The Sunday Post (Newcastle)

Now is the time to plant your nutritious green vegetables for a bumper crop over the winter


Now’s the time to start sowing cabbage, chard and leeks for tasty crops during the winter months.

The seeds will germinate quickly and you should soon have sturdy young plants that are able to withstand colder temperatur­es and lower light levels in the months ahead.

Some things, such as parsnips and Brussels sprouts, need a very long growing season and have to be sown in spring, but you should be able to find plants of these at your local garden centre or from seed companies online if you haven’t grown them yourself.

You still have time to sow turnips as well as oriental vegetables such as mizuna, which have a tendency to bolt if grown during the warmer months.

Kale is a favourite winter vegetable as it is tasty, packed with nutrients and completely weather resistant. Along with chard, it is also highly decorative. Like all brassicas, however, it is susceptibl­e to the attentions of pigeons, so it is worth covering it with fleece to prevent it from being shredded.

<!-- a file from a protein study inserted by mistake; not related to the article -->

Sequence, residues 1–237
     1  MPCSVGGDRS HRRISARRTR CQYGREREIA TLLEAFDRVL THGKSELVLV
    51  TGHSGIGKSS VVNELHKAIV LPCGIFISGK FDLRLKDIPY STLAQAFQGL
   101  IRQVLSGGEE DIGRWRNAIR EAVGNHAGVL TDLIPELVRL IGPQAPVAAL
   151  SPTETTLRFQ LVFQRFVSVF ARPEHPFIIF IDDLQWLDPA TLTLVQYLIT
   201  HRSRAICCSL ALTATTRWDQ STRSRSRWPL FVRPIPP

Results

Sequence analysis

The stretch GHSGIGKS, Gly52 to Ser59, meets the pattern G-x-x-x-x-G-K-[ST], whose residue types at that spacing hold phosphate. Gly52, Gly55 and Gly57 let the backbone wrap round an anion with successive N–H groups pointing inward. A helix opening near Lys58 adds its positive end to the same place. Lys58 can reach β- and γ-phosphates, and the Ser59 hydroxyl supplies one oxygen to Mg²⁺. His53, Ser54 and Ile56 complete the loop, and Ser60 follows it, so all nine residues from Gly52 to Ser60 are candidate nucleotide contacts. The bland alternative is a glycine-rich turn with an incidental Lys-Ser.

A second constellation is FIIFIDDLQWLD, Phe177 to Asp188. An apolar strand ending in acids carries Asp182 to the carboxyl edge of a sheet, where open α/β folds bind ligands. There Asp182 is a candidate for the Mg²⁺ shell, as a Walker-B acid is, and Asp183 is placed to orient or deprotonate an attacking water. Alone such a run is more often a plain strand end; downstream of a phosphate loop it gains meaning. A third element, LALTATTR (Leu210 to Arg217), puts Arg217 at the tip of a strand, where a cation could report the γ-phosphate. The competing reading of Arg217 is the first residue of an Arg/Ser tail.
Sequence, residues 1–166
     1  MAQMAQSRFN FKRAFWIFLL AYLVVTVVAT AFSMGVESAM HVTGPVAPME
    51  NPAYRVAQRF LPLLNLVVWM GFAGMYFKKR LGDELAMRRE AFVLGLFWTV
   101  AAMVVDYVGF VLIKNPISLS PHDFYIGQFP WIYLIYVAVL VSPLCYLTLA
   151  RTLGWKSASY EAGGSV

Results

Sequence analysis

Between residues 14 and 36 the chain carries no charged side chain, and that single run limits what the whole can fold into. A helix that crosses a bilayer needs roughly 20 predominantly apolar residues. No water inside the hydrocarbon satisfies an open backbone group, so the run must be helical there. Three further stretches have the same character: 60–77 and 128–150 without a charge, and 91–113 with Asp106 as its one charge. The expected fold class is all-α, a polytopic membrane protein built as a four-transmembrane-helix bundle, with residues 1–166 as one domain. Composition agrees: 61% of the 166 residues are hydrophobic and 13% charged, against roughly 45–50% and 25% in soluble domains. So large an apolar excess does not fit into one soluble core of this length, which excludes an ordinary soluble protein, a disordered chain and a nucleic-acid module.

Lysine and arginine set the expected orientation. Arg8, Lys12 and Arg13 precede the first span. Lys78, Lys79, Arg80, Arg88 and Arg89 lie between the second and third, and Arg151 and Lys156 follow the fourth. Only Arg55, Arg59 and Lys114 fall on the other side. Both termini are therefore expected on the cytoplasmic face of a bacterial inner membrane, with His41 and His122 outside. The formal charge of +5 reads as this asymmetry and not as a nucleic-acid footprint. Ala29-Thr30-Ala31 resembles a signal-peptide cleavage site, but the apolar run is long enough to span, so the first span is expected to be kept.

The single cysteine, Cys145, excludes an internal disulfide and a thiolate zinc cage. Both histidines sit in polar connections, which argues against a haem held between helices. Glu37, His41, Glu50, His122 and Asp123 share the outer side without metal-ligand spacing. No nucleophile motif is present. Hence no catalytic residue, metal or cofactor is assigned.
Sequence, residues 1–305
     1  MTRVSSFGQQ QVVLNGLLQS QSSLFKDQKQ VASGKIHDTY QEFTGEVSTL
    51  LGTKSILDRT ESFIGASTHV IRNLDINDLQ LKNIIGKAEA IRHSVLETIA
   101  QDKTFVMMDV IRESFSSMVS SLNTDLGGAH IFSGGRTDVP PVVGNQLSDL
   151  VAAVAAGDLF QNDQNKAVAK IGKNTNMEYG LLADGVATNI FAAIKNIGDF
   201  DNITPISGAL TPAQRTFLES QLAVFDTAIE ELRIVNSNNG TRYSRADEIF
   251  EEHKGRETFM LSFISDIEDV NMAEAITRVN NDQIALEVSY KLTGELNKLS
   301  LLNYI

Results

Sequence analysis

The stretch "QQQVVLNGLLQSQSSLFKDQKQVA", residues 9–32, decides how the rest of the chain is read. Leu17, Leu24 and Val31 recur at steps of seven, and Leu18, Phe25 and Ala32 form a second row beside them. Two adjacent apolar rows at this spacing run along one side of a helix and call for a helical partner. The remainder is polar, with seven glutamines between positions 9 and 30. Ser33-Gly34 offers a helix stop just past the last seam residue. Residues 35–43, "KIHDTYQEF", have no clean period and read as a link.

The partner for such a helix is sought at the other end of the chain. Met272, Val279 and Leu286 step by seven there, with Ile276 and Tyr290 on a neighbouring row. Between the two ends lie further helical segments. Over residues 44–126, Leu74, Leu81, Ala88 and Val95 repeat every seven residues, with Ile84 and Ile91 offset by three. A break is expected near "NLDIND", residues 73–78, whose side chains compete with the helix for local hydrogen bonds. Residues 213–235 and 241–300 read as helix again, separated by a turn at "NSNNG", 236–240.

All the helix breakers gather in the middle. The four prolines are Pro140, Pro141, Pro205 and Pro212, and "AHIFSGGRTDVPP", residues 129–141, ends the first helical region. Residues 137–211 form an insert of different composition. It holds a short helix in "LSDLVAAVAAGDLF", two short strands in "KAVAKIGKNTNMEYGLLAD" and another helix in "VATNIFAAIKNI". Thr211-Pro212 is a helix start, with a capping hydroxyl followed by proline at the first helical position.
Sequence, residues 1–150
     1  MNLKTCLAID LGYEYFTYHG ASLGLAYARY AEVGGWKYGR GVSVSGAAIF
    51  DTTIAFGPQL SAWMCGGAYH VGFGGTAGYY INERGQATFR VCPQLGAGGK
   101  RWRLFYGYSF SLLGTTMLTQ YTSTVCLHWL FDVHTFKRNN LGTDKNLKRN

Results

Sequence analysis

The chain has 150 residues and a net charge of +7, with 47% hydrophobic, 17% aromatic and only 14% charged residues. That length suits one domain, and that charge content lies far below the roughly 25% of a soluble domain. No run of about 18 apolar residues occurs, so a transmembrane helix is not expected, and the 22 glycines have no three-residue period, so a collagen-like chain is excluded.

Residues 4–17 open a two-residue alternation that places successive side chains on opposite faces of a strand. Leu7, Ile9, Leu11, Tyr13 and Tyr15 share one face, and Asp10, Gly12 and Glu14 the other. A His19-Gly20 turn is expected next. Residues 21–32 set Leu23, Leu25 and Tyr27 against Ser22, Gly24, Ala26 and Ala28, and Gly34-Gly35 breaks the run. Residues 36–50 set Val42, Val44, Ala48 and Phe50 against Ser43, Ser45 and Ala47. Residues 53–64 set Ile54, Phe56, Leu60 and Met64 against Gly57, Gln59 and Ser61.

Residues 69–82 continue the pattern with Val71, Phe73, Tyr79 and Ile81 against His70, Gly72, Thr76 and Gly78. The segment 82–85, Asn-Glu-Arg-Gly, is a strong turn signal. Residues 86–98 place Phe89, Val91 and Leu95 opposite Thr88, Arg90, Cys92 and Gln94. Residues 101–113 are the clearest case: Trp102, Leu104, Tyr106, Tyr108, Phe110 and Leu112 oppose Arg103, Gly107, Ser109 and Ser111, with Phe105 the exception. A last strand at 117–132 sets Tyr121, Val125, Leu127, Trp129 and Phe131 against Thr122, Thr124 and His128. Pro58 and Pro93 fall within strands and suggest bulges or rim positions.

Find space on the vegetable plot for these late-season edibles by clearing away spent crops and removing every last fallen leaf, which would otherwise attract slugs and snails. Spread a fresh layer of compost over the soil and plant directly into this.

Try to avoid digging, as this will break down the soil structure, and also keep off the soil if you can as this could cause compaction. Everything removed from the plot, with the exception of anything that is diseased, should go straight into the compost bin. Meanwhile, if your tomatoes are showing no signs of turning red, then speed up the process by placing a few ripe bananas among the plants. Bananas give off ethylene gas – the chemical that triggers ripening – and it’s amazing how quickly stubborn tomatoes will start to colour up once exposed to it.

The process works for peppers and chillies too and it is worth rememberin­g that chilli plants are perennial and can be trimmed back then overwinter­ed on a warm windowsill indoors in order to give an earlier crop the following year.

 ?? ?? Fresh kale is versatile, tasty, packed with nutrients and weather resistant.
Fresh kale is versatile, tasty, packed with nutrients and weather resistant.

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